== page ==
should start receiving rabies treatment.
- If a person has been bitten by a mammal which is not suspected of having rabies, then the animal must be observed for a period of time during which the animal is prevented from exposing other people or animals. The Department of Health must be notified by the medical professional and will provide advice on how to proceed.
- If the animal is clinically normal (not showing any signs of rabies) by the end of the observation period then it was very unlikely to have had rabies in its saliva on the day it bit the person and it will be released. If the animal shows signs of rabies or dies before the observation period is up, it should be submitted for rabies testing. In some situations, such as when the mammal is a wild animal, euthanasia may be preferred over a period of observation.
- What if the animal runs away? If a human has been bitten or scratched by a mammal, either domestic or wild, but the animal is not available for observation or testing, seek medical assistance. The medical professional must notify the county or local Department of Health office.
What happens to my pet or other domestic mammal if it is bitten or scratched by a rabid animal?
- By PDA regulations, a domestic animal that is exposed to a rabid animal must be quarantined.
- Length of quarantine depends on rabies vaccination status of the exposed domestic animal. If the domestic animal is unvaccinated (or its vaccination status has expired) at the time of exposure to a rabid animal, a 180-day quarantine will be imposed. If the domestic animal that was exposed to a rabid animal was legally vaccinated for rabies and the vaccination status was current at the time of exposure, 90-day quarantine will be imposed.
- The PA Department of Agriculture (PDA) will decide the appropriate quarantine duration and will manage the quarantines.
- Post-exposure vaccination of the exposed animal is permitted by PDA.
- PDA will NOT seize or euthanize your pet or domestic animals for being exposed to rabies!
- However, in some circumstances, euthanasia of the exposed domestic animal may be recommended.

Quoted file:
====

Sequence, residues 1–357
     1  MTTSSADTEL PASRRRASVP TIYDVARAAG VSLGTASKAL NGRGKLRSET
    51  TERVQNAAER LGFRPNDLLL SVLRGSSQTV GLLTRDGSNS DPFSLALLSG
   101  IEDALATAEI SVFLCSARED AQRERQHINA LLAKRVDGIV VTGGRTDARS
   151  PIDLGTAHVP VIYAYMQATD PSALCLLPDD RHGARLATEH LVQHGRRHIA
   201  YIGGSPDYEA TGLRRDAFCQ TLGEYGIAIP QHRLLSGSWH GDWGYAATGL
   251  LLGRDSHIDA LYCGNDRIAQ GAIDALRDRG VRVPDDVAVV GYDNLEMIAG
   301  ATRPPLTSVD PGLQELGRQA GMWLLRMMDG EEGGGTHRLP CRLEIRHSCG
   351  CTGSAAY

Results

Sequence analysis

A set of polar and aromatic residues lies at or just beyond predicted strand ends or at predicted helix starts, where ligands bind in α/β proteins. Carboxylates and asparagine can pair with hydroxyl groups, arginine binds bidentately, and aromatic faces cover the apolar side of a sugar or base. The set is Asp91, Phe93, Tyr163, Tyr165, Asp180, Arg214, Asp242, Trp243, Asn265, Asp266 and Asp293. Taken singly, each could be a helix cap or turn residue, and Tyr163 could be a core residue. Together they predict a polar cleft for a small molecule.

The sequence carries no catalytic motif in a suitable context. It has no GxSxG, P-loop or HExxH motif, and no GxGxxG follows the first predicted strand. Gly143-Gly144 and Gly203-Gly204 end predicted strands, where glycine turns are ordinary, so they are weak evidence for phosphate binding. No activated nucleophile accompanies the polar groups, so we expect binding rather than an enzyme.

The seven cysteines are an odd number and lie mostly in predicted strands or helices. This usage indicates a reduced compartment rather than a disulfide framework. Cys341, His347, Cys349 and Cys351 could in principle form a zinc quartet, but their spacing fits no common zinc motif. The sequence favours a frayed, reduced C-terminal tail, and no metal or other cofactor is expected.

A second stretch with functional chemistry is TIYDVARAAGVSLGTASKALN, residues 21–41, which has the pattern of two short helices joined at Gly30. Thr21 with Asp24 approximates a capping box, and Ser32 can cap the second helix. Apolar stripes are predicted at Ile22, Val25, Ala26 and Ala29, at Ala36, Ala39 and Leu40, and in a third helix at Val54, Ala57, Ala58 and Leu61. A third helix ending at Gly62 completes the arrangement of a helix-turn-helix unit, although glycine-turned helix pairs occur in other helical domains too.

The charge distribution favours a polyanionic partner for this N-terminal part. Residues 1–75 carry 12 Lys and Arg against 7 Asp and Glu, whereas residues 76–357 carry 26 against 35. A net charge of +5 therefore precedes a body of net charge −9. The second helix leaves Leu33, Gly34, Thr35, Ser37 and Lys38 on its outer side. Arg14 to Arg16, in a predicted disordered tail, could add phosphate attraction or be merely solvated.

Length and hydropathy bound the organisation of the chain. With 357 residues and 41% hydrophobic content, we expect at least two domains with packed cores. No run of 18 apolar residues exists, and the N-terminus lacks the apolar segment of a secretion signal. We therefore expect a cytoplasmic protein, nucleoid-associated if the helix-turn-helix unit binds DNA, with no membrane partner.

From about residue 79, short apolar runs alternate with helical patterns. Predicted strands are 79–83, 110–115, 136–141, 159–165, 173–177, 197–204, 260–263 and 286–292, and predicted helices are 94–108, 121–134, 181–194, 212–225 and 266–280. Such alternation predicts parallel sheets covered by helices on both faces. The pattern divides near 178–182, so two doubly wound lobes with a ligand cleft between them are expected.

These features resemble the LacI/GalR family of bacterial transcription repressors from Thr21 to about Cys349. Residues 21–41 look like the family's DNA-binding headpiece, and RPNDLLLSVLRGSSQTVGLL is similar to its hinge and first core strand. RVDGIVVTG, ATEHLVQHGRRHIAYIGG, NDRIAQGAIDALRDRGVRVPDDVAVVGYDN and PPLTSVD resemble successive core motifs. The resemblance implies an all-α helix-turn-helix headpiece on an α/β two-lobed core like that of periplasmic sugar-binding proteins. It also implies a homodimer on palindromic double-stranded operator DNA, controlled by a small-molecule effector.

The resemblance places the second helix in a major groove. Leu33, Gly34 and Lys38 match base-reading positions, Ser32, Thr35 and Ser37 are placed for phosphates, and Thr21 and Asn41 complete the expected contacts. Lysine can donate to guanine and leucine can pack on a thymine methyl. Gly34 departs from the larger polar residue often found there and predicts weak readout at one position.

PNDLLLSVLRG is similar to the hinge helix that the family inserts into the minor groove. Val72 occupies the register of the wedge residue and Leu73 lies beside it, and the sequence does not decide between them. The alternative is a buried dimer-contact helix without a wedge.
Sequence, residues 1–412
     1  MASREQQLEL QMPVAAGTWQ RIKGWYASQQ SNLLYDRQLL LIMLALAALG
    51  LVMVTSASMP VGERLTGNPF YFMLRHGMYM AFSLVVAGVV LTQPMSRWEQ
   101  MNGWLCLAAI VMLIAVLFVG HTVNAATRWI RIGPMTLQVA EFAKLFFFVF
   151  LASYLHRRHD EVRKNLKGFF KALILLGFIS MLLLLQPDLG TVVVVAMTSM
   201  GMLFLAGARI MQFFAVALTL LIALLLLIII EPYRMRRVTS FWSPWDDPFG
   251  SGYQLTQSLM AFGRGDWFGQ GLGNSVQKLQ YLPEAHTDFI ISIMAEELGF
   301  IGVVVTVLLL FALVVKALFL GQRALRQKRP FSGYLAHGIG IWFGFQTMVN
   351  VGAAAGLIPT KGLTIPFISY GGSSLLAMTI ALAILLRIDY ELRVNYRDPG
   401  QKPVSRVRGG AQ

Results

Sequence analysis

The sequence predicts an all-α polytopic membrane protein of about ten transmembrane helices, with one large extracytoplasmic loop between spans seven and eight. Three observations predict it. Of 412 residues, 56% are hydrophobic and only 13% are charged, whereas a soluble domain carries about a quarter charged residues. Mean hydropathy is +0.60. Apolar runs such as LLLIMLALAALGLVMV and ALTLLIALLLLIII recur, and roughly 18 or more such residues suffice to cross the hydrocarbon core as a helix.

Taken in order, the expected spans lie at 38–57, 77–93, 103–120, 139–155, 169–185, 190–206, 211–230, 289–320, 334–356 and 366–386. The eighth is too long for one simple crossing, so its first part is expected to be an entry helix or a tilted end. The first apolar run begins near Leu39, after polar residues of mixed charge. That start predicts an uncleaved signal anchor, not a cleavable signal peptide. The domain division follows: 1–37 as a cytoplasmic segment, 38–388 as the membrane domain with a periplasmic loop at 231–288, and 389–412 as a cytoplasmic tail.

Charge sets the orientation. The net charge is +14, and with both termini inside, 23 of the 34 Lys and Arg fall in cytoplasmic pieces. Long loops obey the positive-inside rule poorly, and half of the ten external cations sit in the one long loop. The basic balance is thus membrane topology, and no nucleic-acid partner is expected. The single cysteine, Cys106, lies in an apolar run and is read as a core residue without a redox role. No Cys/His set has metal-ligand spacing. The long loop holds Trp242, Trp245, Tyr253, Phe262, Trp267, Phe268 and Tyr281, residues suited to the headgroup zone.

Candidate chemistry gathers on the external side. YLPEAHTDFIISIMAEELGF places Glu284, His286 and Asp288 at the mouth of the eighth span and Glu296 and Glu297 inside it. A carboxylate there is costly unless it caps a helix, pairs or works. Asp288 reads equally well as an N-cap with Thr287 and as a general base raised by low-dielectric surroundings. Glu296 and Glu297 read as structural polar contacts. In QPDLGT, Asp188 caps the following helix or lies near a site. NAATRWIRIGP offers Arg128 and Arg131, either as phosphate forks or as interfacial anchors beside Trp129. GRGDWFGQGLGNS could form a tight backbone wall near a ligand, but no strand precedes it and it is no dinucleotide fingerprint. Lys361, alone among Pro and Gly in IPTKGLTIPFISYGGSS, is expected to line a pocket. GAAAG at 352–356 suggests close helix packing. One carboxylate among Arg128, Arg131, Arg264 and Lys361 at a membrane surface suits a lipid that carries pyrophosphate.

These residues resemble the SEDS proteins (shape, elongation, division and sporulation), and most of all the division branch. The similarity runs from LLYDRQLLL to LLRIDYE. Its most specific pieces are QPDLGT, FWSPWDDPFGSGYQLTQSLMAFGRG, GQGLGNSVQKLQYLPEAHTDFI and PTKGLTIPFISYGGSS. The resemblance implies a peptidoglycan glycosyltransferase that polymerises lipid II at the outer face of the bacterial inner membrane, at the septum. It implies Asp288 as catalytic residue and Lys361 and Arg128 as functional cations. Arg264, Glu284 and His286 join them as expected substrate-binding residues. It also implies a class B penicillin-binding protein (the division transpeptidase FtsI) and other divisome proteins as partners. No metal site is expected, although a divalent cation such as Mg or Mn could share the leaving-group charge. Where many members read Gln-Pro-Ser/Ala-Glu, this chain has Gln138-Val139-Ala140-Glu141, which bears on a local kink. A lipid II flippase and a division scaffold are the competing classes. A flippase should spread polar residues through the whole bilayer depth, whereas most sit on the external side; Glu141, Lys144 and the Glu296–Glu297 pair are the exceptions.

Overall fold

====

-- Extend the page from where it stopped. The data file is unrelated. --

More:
What does it mean for my pet to be quarantined?
- The pet must be under the owner's control and on his property during the period of quarantine. The owner must take precaution to prevent exposure to other people and animals during this time.
- A quarantine sign will be posted by PDA. It is unlawful to remove a quarantine sign.
Submitting Animals for Rabies Testing
- If the suspect is a wild mammal; contact the PA Game Commission (PGC) for help in capturing and submitting the animal. See the blue pages of your phone book for the number of your local PGC office or go to PGC Regional Offices
- If the suspect is a domestic mammal, then consult your veterinarian for help in euthanizing and submitting the animal.
- You may also call your local PDA Regional office for information on submitting mammals for rabies testing. See Regional Offices to find the appropriate contact information for the regional office that covers your area.
- Detailed information on submission is available on the PADLS web site: http://www.padls.org
How can you prevent Rabies?
- Vaccination of domestic mammals for rabies is very effective.
- Vaccination is recommended for all species for which there is an approved rabies vaccine. (Discuss vaccination of species for which there is not an approved rabies vaccine with your veterinarian)
- By PA law, dogs and cats shall be vaccinated against rabies within 4 weeks after the date the dog or cat attains 12 weeks of age. The animal shall then be subsequently revaccinated on an ongoing basis in accordance with the directions of the vaccine manufacturer.
- Do not handle wildlife.
Where has Rabies been identified in Pennsylvania?